The Jewish Order Police

Holocaust Ghettos

  

Members of the Jewish order police in the Lodz Ghetto

Jewish Order Service police units were established by the German authorities in certain locations under their brutal occupation. Almost immediately after their establishment the Jewish Councils in Eastern Europe were ordered to organise these units, usually as a forerunner to the creation of ghettos.

 

Whereas the Judenrat itself, although also created on German orders, often contained elements of pre-war voluntary association, the Jewish police came into being only after the German occupation. There was no precedent for the existence of a Jewish police force, and there was no indication that the Jews played any part in the establishment of a Jewish police force within the ghettos.  

The Germans set the guidelines for the Judenrat to recruit members which included physical fitness, military experience, and secondary or higher education. 

In practice these guidelines were not always closely followed. Formally the Jewish police constituted one of the departments of the Judenrat, but from the very beginning many Jewish Councils were apprehensive about the police force’s public character and the way it would function. 

They suspected that the Germans would have direct supervision of the police and use it for the implementation of their policies. Aware of this danger, many Jewish Councils sought to establish their own means of controlling the police and the standards of its behaviour, and tried to attract young Jews who would be trustworthy.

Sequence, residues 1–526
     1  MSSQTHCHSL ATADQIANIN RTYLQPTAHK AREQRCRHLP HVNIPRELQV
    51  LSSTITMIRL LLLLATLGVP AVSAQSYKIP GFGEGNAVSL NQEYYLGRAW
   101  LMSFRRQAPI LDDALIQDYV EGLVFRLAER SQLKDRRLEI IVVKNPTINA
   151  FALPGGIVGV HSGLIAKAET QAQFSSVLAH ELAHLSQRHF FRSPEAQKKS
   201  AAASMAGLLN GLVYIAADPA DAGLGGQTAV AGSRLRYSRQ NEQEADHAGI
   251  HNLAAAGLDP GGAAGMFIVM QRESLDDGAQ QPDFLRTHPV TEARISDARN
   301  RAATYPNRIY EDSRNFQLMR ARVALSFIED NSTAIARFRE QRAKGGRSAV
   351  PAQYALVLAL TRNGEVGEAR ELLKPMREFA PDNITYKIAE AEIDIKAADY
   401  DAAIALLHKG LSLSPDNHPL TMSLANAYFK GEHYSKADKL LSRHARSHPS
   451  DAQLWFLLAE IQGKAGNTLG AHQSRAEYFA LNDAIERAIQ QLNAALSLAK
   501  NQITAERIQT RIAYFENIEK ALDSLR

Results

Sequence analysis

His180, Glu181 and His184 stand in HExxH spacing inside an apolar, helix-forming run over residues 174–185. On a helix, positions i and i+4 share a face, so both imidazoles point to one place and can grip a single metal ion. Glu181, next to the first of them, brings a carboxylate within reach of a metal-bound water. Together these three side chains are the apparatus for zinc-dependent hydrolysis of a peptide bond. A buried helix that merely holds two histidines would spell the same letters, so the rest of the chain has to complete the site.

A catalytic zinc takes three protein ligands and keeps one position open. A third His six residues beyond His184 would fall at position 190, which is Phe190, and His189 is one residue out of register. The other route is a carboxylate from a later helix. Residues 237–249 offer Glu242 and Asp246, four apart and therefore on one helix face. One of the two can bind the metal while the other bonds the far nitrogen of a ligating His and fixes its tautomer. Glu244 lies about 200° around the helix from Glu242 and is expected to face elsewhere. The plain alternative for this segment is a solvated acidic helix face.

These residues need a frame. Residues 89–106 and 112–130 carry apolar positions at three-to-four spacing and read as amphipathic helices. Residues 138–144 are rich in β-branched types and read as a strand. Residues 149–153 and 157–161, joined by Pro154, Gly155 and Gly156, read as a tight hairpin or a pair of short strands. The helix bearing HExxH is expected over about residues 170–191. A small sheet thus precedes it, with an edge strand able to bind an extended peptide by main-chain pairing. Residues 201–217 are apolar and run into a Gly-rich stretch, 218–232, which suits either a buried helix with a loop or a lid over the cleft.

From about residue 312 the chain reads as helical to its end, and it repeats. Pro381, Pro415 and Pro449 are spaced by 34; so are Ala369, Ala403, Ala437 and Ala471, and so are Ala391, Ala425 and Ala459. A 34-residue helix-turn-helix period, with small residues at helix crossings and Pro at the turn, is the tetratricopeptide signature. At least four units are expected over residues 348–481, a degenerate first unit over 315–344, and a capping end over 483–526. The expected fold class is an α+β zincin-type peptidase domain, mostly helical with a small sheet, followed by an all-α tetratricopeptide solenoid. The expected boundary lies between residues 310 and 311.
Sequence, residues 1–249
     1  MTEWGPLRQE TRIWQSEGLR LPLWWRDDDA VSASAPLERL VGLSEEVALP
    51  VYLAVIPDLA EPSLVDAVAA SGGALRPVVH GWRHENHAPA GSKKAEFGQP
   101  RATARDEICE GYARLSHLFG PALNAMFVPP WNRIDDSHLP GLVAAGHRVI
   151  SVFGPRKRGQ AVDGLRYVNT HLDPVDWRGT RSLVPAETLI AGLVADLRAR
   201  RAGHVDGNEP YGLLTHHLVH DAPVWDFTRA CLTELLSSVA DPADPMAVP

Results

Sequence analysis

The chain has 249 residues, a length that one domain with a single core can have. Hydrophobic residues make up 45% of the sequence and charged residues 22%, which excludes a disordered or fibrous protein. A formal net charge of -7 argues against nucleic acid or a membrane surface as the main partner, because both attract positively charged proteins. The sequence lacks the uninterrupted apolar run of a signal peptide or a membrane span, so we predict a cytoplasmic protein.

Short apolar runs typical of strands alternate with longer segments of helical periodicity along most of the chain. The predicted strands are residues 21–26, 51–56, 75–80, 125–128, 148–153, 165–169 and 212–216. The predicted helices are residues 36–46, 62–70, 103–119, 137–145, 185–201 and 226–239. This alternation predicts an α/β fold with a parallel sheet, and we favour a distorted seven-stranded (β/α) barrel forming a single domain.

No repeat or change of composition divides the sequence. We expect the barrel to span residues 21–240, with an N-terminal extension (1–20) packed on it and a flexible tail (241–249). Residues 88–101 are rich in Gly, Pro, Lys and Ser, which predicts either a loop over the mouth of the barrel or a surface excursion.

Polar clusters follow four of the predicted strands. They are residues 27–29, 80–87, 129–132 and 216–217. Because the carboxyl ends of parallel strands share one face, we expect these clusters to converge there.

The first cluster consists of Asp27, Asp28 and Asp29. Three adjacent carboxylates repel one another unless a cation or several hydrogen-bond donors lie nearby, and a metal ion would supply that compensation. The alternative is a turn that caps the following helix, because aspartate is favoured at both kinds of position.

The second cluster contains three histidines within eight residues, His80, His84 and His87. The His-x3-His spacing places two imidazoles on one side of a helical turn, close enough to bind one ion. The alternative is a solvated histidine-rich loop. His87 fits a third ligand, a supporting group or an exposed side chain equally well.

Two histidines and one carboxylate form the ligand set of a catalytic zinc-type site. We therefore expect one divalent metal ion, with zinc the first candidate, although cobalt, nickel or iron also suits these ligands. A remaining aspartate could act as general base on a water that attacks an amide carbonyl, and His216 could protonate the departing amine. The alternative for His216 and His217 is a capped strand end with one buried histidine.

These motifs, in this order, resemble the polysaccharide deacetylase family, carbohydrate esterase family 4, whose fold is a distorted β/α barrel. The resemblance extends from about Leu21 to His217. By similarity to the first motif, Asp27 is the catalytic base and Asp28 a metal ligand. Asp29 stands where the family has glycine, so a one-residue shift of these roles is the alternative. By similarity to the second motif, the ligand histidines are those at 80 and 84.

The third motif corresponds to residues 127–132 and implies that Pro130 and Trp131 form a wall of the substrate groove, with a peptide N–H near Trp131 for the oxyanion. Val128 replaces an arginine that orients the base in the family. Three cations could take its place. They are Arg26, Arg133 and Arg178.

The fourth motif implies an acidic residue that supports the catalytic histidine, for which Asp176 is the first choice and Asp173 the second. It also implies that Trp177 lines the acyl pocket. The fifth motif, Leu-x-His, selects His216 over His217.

In the initial period some of the recruits did indeed believe that by joining the ranks of the Jewish police gave them an opportunity to serve the community. But there were other reasons for joining. Belonging to a protected organisation, provided immunity from being seized for forced labour. Service in the Jewish police also offered greater freedom of movement and the possibilities of obtaining food and money. 

The size of the Jewish police force was not fixed but depended on the size of the Jewish community. Thus in Warsaw the Jewish police at first numbered 2,000, in Lvov 500, in Lodz 800, in Krakow 150 and in Kovno 200.

In the larger ghettos the Jewish police commanders held officer ranks and units were made up of sub-divisions and district stations. The policemen were identified by the different caps they wore and by the unit’s designation inscribed on their armband, the yellow badge that they, like all other Jews, had to wear.

In the smaller ghettos where the Jewish police consisted of a few men organisational differentiations were not required. 

The duties of the Jewish police can be divided into these categories: 

  • Directing traffic in the streets.  

  • Supervising garbage collection and clearing snow and dirt off the streets. 

Copyright Carmelo Lisciotto H.E.A.R.T 2009